In recent studies scientist have discovered that an unhealthy or irritable gastrointestinal tract may send signals via the enteric nervous system to the brain which may cause a shift in mood or mental behavioural patterns such as a bringing about anxiety or depression. These signals and mood changes are closely tied to functional bowel problems such as irritable bowel syndrome (IBS) constipation, diarrhoea, bloating, pain and stomach upset.
This evidence may explain why a high percentage of people with IBS and functional bowel problems develop depression and anxiety.
Improving gut health
There are number of ways in which one can increase the amount of beneficial microbia in their gut microbiome. One of these is to increase the intake of probiotics. Probiotics are beneficial bacteria for the gut, whilst prebiotics are food for the bacteria. Eating fermented foods is a great way to increase your intake of probiotics. They contain beneficial bacteria that thrive on the naturally occurring sugar or fibre in the food.
Some examples of probiotic foods:
- Sauerkraut, Kimchi, Kombucha tea, water or dairy kefir, pickled vegetables
Eating prebiotic fibre and high fibre food is also a great way to increase the amounts of beneficial bacteria or probiotics as these probiotics feed on nondigestible carbohydrates which are referred to as prebiotics. This process encourages beneficial bacteria to increase in our microbiomes.
Some examples of prebiotic foods include:
- Legumes, beans, oats, bananas, berries, jerusalem artichokes, asparagus, garlic, leeks, onions
If you are looking to further improve and regulate the state of your gut health and flora we can strongly recommend The Cultured Whey products which are discussed briefly bellow;
- Raw Kombucha Vinegar – assists in regulating the intestinal flora, promoting cellular strengthening, balancing pH levels and assists in detoxifying the body of harmful bacteria. This product also contains good yeast and beneficial bacteria, helping one to increase the health of their gut microbiome.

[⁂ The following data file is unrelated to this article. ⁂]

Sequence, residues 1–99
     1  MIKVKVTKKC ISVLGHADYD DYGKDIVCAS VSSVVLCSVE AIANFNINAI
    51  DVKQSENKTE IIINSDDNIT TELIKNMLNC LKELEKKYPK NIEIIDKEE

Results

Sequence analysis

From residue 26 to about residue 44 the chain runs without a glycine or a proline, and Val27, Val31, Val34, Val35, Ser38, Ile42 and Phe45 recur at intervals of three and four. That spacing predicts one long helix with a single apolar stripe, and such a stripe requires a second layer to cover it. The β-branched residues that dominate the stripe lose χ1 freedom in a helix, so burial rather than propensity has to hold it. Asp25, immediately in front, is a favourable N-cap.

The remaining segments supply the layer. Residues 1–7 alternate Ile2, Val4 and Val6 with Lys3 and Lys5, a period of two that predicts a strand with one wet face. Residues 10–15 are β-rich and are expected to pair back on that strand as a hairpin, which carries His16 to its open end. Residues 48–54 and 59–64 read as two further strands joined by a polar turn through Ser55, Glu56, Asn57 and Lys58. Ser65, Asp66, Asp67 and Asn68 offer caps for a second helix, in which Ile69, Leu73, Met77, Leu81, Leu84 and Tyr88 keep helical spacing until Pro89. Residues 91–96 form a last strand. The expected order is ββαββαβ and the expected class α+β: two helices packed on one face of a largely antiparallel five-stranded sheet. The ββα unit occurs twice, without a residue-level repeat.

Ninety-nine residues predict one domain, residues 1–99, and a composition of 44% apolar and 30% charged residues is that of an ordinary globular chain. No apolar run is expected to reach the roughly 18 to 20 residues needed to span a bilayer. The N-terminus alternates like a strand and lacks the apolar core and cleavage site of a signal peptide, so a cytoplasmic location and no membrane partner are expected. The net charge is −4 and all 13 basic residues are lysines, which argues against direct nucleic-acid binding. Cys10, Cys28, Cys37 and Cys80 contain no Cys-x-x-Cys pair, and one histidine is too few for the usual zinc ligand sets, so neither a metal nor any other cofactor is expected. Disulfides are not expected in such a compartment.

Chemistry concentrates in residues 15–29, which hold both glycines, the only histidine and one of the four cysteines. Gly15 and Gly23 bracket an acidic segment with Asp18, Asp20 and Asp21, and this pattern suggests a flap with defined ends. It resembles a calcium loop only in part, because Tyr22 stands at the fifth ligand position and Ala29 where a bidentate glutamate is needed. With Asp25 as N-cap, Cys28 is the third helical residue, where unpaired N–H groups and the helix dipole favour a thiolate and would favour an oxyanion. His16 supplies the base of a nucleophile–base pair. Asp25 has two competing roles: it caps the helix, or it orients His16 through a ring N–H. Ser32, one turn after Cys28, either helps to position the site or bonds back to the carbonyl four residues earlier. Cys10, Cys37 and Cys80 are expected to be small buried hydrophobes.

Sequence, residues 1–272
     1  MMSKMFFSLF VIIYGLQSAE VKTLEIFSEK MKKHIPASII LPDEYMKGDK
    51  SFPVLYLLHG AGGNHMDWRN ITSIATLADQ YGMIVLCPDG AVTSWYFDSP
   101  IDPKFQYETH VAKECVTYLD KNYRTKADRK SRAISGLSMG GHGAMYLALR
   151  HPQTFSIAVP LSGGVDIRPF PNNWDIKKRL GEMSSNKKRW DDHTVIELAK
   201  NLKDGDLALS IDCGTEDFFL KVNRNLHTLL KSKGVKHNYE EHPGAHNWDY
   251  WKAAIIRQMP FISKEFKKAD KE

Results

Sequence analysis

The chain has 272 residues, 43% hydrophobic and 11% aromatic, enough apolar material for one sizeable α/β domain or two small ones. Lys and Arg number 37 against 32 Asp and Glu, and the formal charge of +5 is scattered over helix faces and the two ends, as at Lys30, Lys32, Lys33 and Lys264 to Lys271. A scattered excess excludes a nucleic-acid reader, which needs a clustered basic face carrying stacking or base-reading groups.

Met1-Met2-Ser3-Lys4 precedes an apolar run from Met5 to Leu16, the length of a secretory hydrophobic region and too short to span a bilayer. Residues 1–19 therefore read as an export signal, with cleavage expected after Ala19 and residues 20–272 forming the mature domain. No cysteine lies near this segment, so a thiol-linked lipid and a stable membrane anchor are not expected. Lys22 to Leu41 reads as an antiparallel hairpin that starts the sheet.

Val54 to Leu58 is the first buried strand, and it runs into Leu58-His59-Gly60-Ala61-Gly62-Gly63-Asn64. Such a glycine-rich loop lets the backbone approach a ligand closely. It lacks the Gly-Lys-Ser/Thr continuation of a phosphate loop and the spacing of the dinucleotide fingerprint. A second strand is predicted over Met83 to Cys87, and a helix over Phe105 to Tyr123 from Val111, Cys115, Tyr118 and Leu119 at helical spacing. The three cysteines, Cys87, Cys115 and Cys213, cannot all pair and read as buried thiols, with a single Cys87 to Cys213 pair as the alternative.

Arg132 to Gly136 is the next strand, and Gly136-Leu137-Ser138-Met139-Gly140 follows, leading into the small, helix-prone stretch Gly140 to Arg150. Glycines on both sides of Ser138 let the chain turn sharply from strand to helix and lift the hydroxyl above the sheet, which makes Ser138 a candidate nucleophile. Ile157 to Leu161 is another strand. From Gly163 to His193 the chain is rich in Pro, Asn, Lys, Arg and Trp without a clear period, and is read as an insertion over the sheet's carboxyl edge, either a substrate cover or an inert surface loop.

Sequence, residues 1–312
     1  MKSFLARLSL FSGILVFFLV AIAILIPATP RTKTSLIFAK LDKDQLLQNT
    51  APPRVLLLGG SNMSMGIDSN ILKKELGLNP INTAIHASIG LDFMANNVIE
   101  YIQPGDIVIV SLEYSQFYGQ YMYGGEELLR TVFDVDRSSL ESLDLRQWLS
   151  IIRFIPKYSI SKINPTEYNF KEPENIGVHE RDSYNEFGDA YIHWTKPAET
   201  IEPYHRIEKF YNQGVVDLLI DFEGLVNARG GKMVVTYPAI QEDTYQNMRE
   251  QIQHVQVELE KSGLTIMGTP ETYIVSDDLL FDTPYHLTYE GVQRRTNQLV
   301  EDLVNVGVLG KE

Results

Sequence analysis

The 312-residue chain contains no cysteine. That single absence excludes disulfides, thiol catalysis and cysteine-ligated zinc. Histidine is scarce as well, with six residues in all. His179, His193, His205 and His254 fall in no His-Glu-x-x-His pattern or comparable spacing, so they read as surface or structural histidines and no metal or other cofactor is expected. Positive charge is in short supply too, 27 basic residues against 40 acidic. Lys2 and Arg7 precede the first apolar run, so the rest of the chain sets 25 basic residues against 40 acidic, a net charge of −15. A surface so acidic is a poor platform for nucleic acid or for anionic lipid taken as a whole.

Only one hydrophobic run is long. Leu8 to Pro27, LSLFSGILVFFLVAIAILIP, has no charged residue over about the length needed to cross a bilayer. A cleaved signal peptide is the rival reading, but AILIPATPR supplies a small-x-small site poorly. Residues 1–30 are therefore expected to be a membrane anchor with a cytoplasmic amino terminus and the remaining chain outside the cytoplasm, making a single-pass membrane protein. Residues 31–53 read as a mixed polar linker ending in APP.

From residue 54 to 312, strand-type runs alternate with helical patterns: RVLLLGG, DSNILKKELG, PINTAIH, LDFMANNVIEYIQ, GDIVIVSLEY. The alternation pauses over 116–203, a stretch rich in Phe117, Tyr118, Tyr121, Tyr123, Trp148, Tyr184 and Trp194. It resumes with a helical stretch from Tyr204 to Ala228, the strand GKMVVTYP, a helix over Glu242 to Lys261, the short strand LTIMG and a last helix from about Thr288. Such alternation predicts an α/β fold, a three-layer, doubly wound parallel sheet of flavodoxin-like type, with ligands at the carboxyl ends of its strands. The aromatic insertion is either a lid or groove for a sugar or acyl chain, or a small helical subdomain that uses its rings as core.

- Beet Kvaas – Highly beneficial in assisting one with cleansing of the gut, alkalising the blood and assisting with digestion. This product is great for people who are looking to cleanse their system of harmful bacteria and pathogens as it assists with detoxifying the upper bowels and liver.
- Raw organic kraut – These fermented vegetables contain high amounts of probiotics, digestive enzymes and vitamins B and C helping the body boost immunity, regulate and balance gut flora and aid in digestion.
Gut issues may lie dormant for years leaving a person feeling ‘normal’ and only at a later stage these underlying issues manifesting in either chronic or acute conditions of disease. Other people may be living with issues and either suffering in silence or dependant on medication to suppress these issues that they feel inevitable to daily life. Years of chemically laden food products grown in abnormal, nutrient deficient soils and genetically modified crops which have found their way into regular daily modern day diets have ultimately lead us to this point of suffering and irregular gut microbiota. Some may argue this is the cause of all or most of the disease found in modern day life. It is imperative to the health of human kind to not only nourish ourselves with nutritionally dense foods grown through regenerative farming practices but to essentially make the correct choices in what we consume in every facet of our being. The diversity of our gut microbiota must resonate on the same frequency to that of the diversity of life within our very soil our foods are grown in – this is unachievable in conventional food produced today. That is the core value of the produce found on all the shelves at Sans Grocer.